Tri Santa Cruz: A Sick Toddler, Determination, and a Little Discretion

My alarm had only been off for five minutes when my three year old wandered into our bedroom. Still in bed I mentally prepared to race. “Mommy,” she huffed, “I don’t feel— BAAAAARRRRRFFFFFF!!!!” And like that my 3 year old vomited all over the dog’s bed.


The Culprit

Fortunately, the dog sensed things were not going to go her way and quickly vacated for the sanctuary of our bed. This was not the optimal race morning situation. It was August and I continued my path of climbing back into racing:. Today’s race: Tri Santa Cruz. Now, however, we sprang to action: my wife got our daughter cleaned up while I got the coffee going and continued race prep. Taking a quick glimpse outside I saw the fog clinging to the ground. I wondered how things were in Santa Cruz, 40 miles up the bay. Erin came down and shook her head. She didn’t have to say it; her face said it all—Isabel was sick and they weren’t going to go. I’m no parenting expert but the last thing you want to do is take a sick toddler out to follow her dad racing around Santa Cruz. I would go solo—wasn’t the first time, and probably won’t be the last.

By 6:30 I drove towards Santa Cruz, getting into a mental race state. Listening to a diverse medley of music from decades of motivational playlists and mix tapes, I envisioned the race course—focusing primarily on the open water swim in the Pacific’s chilly waters. Early in the week I waded out from Monterey’s Del Monte beach in my wetsuit and did a half mile open water swim. While it wasn’t my first open water swim,  I needed the swim to mentally reassure myself that I wouldn’t go into shock entering the water. I easily knocked out a half mile swim—the race’s distance. I was going into this morning very confident of being able to deliver during this crucial stage of the race.

Upon arrival in Santa Cruz I checked in and organized my equipment in the transition area. The day before I came to pick up my race packet and familiarize myself with the area: the swim site, the transition area, and the bike & run courses. This reconnaissance paid huge dividends as I saw that the distance one had to run from the beach to the transition area was nearly a quarter mile! Along with that, I could mentally see how the swim would unfold alongside the Santa Cruz pier. Now on race morning I put on my wet suit and walked down to the beach. The fog hung low and thick around the race. Arriving on the beach the fog was so low that the swim would have to be shortened. You could hardly see more than 100 meters into the surf. Because of the fog’s density, the waves of swimmers started late—not nearly as late as the SLO tri, but maybe 15 minutes. I stood with fellow age-groupers watching the swim waves launch from the sand into the surf. We commented to each other that the distance had been shorted to accommodate the fog. Privately I think we were all a bit grateful for this. Finally it was our turn. We lined up in a corral focused on the water and before we knew it, a whistle blew and we were off!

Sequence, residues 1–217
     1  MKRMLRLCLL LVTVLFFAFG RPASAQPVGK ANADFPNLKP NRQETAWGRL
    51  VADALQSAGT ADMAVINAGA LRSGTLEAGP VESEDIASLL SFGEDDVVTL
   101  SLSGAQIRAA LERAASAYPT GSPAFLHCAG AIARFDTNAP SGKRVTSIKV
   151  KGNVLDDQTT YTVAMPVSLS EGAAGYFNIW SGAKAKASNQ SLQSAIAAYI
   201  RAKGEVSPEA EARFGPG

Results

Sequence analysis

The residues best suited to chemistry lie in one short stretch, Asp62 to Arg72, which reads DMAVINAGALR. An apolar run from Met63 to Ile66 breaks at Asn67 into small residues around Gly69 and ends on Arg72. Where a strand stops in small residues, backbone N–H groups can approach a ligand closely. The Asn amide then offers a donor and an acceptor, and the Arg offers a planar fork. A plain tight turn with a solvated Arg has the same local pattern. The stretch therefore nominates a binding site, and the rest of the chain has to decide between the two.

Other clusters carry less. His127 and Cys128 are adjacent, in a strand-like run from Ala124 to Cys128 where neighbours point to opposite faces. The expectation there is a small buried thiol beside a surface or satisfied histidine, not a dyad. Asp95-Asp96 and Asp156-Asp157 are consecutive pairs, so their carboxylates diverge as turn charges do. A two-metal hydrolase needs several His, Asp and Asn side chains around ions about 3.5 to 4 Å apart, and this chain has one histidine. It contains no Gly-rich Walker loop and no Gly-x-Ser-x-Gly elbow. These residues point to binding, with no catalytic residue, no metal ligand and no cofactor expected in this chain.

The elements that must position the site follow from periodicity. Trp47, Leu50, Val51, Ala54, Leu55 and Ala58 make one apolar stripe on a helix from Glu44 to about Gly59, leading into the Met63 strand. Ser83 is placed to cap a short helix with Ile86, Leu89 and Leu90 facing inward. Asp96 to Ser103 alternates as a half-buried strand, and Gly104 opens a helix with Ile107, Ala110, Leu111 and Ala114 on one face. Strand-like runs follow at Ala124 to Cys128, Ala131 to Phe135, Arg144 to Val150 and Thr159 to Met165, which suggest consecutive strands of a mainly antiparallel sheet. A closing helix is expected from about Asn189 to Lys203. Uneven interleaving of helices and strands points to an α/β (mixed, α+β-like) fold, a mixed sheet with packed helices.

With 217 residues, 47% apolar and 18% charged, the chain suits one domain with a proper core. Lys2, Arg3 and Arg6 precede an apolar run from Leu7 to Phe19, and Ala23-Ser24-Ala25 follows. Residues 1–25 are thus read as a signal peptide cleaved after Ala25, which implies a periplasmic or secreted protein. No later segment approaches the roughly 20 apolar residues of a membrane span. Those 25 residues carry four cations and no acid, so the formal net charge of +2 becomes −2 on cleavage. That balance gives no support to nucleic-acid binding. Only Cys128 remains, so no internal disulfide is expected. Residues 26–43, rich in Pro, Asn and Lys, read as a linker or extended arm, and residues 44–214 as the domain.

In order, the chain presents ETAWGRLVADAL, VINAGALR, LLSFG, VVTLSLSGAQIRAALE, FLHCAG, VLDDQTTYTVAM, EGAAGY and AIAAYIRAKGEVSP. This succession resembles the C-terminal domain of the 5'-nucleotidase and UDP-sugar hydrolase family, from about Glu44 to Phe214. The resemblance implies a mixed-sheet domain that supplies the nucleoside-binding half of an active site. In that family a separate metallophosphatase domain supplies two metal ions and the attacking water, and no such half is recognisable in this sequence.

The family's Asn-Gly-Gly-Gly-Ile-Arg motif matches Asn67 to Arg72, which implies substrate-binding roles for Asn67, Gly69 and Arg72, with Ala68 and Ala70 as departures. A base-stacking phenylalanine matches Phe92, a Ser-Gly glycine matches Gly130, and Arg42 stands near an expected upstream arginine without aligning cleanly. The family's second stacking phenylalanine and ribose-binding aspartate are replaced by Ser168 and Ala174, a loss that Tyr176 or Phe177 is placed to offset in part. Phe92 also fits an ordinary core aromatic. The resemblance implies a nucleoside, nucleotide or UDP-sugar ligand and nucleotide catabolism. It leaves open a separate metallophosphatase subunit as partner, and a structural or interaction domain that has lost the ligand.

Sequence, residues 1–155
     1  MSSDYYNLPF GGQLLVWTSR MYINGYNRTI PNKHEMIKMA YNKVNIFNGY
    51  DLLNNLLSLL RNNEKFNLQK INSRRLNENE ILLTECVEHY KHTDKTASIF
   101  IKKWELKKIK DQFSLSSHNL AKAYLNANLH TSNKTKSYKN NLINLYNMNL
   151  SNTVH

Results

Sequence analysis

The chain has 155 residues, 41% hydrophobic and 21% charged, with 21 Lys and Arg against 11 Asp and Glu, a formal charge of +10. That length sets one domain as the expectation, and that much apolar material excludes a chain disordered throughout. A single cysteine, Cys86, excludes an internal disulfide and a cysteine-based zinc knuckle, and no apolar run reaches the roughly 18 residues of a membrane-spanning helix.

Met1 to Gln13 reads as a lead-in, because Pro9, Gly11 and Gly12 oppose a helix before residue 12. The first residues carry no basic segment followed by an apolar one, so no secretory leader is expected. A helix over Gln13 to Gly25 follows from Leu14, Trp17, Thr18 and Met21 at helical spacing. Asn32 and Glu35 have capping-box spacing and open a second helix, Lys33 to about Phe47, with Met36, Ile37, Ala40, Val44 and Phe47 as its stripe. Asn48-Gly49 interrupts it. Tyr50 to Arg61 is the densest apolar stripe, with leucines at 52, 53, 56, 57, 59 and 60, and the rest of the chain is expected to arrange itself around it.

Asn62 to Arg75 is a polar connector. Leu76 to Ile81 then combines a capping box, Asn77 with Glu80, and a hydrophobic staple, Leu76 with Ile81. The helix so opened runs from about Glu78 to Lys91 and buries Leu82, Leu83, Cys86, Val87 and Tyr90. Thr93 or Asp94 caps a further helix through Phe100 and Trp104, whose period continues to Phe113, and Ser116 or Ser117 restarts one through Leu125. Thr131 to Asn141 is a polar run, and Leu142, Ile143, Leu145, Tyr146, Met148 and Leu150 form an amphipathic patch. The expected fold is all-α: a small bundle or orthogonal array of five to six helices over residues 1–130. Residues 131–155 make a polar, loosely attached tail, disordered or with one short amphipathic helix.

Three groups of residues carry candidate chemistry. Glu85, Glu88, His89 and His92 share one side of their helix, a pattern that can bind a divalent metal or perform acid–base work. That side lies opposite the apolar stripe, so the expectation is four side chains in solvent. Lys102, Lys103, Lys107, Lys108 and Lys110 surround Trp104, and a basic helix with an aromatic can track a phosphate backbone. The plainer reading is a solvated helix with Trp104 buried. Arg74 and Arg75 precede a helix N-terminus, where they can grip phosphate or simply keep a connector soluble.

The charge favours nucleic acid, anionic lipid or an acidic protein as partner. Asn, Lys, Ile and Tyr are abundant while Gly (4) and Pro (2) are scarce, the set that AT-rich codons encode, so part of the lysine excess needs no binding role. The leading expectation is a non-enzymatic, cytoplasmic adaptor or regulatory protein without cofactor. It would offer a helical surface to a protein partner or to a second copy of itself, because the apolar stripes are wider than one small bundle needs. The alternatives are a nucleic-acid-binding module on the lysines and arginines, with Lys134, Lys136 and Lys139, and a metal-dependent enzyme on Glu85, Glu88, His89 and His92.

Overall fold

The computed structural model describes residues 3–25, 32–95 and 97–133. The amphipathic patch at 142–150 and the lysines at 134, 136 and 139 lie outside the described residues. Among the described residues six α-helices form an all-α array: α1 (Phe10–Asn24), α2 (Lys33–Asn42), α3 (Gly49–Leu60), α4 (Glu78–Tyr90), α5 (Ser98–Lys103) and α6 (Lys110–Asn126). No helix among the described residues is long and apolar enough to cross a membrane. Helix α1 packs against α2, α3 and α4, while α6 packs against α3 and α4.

Running down from the corral to the water I had only one thought: don’t be the guy that trips and rolls into the surf. Fortunately, I wasn’t. I entered the water diving into a breaking wave and started my swim. I started slow to allow my body to adjust to the cold. Y_M760My pace became comfortable as I made my way to the first marker and hung a right.  Even with swimmers crowded around me, I felt comfortable. Before long the second marker entered my field of view and I rounded it, aiming my sights back to the beach. Shortly after I was out of the water and running back to the transition area trying to pull off my wetsuit to ease my transition to the bike. A grin ran across my face.